Training camp can be a feeling-out process of sorts for players participating in their first camp with a team. Even for returning players who had been acquired during the previous season, starting a full season with the team can still include some learning and adjustments from both a hockey standpoint and a comfort standpoint.
Take Dennis Seidenberg  last year. Acquired in March of 2010, he was coming off a left wrist injury and had missed the last four games of the regular season and all of the playoffs. By the time he had entered his first camp as a member of the Bruins, he said he felt “awful,” but that’s likely because he was trying to shake off rust after a summer of rehabbing. OK, bad example.
Still, there is something to be said for returning players entering their first camp with a team. Rich Peverley  has been in that situation twice now, and freely admits that he was still getting a grasp of things in Atlanta in the fall of 2009 after being claimed off waivers by the Thrashers in January of the previous season.
While that continued learning process is something Peverley experienced the last time he had his first camp with a team, he’s encountered no such thing in Boston. A deep run in the playoffs culminating in a Stanley Cup  victory and familiarity with Claude Julien ‘s system are responsible for that.
“This is a very close team, and we were quite close during the playoff run last year,” Peverley said. “I got to know a lot of guys. I’m definitely a lot more comfortable [now] than I was that year in Atlanta, just as far as knowing the guys and knowing the coaching staff and everything.”
Peverley began last season playing under head coach Craig Ramsay, a former assistant of Julien’s in Boston, so he didn’t run into too many roadblocks when grasping the Bruins’ system after being acquired in February. He finished the regular season with a modest seven points (four goals, three assists) in 23 games, but was a big contributor in the postseason. He scored two goals (including what was technically the game-winner) in the Bruins’ 4-0 victory in Game 4 over the Canucks to even the Stanley Cup finals at two games apiece and answered the call when he was summoned to the first line in wake of Nathan Horton ‘s season-ending concussion.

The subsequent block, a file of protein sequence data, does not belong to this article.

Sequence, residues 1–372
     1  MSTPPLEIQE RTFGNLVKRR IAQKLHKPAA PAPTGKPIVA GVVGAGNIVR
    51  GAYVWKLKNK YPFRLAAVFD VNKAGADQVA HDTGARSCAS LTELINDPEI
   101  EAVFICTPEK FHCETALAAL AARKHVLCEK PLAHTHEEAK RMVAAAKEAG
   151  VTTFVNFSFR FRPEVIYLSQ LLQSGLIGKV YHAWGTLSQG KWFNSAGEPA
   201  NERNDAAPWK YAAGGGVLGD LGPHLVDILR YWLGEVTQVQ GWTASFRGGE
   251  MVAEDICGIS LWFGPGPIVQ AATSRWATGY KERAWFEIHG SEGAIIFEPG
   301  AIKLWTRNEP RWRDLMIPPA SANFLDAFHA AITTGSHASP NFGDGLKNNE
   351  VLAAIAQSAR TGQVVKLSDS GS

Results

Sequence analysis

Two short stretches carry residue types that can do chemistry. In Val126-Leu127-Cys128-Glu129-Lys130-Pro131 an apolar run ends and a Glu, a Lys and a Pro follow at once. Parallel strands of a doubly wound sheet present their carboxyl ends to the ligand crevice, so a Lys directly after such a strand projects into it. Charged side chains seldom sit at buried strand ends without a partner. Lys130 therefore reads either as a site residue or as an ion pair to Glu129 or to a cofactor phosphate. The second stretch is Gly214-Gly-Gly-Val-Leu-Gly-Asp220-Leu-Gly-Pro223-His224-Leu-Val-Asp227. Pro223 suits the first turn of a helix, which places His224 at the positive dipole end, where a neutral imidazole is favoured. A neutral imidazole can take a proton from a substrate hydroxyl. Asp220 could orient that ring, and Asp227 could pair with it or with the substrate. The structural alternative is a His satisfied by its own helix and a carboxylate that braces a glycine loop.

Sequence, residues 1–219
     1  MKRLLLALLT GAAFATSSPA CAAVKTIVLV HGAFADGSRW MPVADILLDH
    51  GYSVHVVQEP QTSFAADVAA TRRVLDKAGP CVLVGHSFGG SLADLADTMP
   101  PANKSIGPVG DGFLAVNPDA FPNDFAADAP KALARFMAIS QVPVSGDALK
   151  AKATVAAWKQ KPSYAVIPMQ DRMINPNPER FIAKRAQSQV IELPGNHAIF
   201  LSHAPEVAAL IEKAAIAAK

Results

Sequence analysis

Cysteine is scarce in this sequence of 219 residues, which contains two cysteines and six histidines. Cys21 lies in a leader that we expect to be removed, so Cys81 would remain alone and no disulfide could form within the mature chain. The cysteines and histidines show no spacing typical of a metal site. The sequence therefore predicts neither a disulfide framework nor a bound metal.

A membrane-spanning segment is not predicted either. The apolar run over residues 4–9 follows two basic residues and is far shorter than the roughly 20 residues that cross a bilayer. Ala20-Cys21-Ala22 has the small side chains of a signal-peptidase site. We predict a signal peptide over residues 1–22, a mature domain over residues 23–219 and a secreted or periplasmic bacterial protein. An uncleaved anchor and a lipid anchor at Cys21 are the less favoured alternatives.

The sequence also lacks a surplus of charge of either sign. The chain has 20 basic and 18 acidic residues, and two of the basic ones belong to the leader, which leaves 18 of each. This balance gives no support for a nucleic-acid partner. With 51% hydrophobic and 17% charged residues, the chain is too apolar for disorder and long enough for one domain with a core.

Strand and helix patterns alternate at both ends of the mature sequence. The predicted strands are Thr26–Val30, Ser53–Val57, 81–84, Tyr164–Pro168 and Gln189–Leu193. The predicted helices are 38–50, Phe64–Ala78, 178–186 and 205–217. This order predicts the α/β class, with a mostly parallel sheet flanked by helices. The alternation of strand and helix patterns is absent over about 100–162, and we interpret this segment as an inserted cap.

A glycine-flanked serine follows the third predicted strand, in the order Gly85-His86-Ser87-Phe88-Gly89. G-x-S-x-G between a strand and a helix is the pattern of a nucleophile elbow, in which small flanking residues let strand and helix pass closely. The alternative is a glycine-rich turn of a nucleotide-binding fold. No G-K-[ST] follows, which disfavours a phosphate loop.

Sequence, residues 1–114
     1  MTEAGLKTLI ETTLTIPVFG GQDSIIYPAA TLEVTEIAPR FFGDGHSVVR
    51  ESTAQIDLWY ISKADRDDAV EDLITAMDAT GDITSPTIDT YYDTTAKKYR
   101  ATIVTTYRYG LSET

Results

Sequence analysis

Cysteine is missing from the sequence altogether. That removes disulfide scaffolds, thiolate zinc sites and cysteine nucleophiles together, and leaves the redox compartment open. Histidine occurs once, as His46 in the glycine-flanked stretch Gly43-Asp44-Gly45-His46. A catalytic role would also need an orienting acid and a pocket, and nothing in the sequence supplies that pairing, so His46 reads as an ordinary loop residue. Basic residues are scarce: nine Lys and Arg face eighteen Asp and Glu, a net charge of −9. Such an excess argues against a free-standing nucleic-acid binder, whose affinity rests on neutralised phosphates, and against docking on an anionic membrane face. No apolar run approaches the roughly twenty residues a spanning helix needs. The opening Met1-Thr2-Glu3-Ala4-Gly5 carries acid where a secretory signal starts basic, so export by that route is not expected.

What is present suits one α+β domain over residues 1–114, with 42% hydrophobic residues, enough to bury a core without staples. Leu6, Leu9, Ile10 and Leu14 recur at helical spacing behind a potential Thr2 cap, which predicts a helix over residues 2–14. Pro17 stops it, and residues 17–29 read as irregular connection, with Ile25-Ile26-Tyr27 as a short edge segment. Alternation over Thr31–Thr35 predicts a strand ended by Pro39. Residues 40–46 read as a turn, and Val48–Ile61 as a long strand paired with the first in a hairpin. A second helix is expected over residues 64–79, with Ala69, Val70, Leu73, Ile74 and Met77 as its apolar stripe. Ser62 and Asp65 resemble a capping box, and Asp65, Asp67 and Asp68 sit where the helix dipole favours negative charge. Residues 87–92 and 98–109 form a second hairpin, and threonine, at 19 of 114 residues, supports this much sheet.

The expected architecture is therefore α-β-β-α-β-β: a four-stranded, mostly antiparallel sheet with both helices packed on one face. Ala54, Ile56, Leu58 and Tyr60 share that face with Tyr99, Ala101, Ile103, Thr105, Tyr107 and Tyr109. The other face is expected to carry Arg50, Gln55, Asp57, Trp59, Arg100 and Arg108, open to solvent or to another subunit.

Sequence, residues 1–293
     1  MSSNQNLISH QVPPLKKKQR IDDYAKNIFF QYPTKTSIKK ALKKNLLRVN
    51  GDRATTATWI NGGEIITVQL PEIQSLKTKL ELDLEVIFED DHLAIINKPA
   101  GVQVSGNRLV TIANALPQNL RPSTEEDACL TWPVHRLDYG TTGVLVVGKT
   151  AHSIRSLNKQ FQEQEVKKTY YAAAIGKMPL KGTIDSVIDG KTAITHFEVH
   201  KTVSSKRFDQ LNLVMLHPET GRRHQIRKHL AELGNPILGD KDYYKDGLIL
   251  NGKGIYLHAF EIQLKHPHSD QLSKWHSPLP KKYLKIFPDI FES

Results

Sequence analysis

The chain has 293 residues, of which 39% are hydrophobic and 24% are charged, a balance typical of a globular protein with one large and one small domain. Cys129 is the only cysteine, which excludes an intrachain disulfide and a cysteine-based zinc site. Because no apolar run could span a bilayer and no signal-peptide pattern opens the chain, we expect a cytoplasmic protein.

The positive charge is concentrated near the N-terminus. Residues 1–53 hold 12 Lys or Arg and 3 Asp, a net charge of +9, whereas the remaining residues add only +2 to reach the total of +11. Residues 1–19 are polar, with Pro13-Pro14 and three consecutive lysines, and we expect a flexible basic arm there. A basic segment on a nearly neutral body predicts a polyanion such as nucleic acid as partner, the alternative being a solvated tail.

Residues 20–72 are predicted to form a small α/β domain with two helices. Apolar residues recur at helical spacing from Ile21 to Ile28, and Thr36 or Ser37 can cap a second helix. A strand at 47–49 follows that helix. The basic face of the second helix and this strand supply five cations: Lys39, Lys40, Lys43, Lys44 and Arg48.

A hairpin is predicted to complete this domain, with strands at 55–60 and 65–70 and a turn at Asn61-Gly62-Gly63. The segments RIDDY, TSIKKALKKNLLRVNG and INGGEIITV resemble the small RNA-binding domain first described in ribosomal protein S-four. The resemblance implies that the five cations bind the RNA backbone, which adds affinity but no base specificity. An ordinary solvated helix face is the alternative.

When all was said and done, Peverley had been used regularly as a first-liner, second-liner and third-liner at various points of the postseason, and it brought him and the Bruins the Stanley Cup. Peverley made all his adjustments to Boston during that time, and after winning the Cup with the Bruins hardly feels like this is his first camp with the team.
“Absolutely,” he said to the idea of the playoff run making him better immersed in all things Bruins. “Every team that wins is a close-knit group, and it shows. Everybody cares for each other, works for each other, and it was no different last year. We did everything together, we worked hard together, and obviously we won together.”
Julien is happy to see that last season’s newcomers, Peverley and center Chris Kelly , have got the hang of things, and what the end result was in June. That isn’t to say he’s surprised, though.
“They know what we expect and that showed in the playoffs, too,” Julien said. “They just played the game that our team was to play and they did it in good fashion. It’s their first camp with us, but I don’t think it’s a shock to see how we’re doing things or how we’re expected to play because nothing has really changed.